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Hi @RunningBirder!

Running downhill seems easy's downhill. However, you have to have just as solid of a training plan for downhill running as you do uphill running, because it can be extremely taxing on your quads, hamstrings, and shoulders. 

I know this from experience! I ran the Mountains 2 Beach Marathon which has a fast, net-downhill course. While I was able to net a PR thanks to the fast course, I had an extremely long recovery compared to other races because my quads were not prepared to handle the extra load and force of downhill running. For the next week, rising from chairs, and (sadly) toilets, was excruciating.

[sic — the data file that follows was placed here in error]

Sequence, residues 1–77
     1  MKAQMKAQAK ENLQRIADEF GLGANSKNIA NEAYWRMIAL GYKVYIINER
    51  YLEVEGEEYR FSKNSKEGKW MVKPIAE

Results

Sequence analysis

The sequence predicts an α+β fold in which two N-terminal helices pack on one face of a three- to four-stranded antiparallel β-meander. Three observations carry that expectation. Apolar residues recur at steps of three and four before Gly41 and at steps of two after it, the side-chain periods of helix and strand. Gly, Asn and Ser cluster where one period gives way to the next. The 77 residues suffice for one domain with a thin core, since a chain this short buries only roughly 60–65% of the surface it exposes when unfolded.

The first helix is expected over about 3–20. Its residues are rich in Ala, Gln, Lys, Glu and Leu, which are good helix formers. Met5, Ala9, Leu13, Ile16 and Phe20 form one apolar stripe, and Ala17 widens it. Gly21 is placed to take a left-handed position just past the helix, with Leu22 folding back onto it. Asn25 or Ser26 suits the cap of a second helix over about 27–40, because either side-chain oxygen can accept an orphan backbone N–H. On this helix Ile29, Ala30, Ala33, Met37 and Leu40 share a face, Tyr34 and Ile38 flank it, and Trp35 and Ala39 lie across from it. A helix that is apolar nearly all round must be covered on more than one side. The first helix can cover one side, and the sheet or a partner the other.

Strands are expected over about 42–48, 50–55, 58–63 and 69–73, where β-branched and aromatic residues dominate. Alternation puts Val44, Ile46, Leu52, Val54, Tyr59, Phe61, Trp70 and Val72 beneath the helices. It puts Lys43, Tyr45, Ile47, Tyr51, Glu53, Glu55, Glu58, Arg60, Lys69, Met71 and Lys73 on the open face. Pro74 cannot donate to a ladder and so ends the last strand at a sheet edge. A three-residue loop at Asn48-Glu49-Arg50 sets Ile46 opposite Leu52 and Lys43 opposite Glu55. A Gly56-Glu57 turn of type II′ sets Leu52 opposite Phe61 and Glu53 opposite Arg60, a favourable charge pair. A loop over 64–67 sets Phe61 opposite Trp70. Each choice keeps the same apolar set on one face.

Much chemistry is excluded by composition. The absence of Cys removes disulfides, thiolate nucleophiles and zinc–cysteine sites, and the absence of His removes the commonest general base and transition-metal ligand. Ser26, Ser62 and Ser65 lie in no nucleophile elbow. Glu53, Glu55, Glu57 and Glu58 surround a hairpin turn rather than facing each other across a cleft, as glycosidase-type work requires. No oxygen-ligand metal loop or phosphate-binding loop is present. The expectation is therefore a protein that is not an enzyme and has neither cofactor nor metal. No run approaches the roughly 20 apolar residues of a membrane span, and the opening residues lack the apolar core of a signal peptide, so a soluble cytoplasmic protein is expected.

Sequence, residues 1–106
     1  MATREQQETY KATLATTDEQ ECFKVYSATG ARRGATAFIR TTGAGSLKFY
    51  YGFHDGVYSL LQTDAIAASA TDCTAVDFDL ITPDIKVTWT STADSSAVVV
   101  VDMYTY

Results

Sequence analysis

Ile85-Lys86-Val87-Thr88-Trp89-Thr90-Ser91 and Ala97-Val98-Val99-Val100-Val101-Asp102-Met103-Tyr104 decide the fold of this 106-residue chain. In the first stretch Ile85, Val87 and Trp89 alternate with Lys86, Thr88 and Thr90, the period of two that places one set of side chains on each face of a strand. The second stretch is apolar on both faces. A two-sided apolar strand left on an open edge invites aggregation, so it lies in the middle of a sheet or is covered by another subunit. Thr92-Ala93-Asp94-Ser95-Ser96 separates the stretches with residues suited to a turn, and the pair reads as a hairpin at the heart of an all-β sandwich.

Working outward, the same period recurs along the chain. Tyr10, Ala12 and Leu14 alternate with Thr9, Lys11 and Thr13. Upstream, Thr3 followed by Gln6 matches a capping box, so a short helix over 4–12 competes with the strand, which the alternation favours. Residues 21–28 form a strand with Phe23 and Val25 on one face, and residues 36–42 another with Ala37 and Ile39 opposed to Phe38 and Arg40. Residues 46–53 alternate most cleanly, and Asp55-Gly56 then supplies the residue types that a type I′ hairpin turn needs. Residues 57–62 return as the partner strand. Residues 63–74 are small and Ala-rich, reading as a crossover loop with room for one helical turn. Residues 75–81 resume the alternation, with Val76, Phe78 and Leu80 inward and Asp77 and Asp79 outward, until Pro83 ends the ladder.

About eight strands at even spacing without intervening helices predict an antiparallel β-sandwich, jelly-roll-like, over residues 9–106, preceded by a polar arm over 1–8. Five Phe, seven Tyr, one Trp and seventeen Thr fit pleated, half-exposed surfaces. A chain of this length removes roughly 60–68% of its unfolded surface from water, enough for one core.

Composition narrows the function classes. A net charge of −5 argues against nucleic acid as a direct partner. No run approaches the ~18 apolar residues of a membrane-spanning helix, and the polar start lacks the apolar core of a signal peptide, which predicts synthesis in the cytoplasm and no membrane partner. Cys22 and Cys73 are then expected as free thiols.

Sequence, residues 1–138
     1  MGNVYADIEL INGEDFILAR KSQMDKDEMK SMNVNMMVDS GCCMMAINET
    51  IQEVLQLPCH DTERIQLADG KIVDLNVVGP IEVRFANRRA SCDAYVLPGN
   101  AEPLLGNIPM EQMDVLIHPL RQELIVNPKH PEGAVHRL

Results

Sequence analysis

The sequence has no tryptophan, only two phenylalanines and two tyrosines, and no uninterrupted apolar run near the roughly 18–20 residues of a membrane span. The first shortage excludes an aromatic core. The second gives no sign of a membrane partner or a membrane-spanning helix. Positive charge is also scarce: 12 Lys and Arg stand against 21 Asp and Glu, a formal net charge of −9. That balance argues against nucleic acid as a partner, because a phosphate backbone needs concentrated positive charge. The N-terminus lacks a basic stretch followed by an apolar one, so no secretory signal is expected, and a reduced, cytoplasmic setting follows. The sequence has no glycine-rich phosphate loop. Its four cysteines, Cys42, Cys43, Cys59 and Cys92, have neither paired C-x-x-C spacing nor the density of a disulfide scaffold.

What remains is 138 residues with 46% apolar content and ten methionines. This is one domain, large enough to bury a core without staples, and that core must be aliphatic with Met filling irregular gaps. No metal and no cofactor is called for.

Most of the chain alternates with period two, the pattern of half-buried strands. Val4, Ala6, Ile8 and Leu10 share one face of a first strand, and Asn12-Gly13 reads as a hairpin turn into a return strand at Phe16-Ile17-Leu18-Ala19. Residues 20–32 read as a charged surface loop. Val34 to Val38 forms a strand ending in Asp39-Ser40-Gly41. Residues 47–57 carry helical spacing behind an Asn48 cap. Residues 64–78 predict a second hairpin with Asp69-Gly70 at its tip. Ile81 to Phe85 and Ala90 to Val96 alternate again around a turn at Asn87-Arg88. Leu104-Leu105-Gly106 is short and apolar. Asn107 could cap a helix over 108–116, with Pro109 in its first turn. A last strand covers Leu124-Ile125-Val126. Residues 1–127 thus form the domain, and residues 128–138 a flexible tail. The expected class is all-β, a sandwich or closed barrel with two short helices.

Don't do what I did! Have a training plan that includes downhill running. Ensure that some of your long runs include a downhill section to mimic race conditions. While running downhill, make sure that you lengthen your stride and arm swing to promote good running form. 

This article covers comprehensively how to train for downhill running. For trails, this article has more specific techniques, but many of those techniques, like "letting it flow" are plenty appropriate for road running, too. 

With time and practice, you'll be able to bomb downhill comfortably, ready to conserve your energy for the uphills. Happy running!

At REI, we believe time outside is fundamental to a life well lived.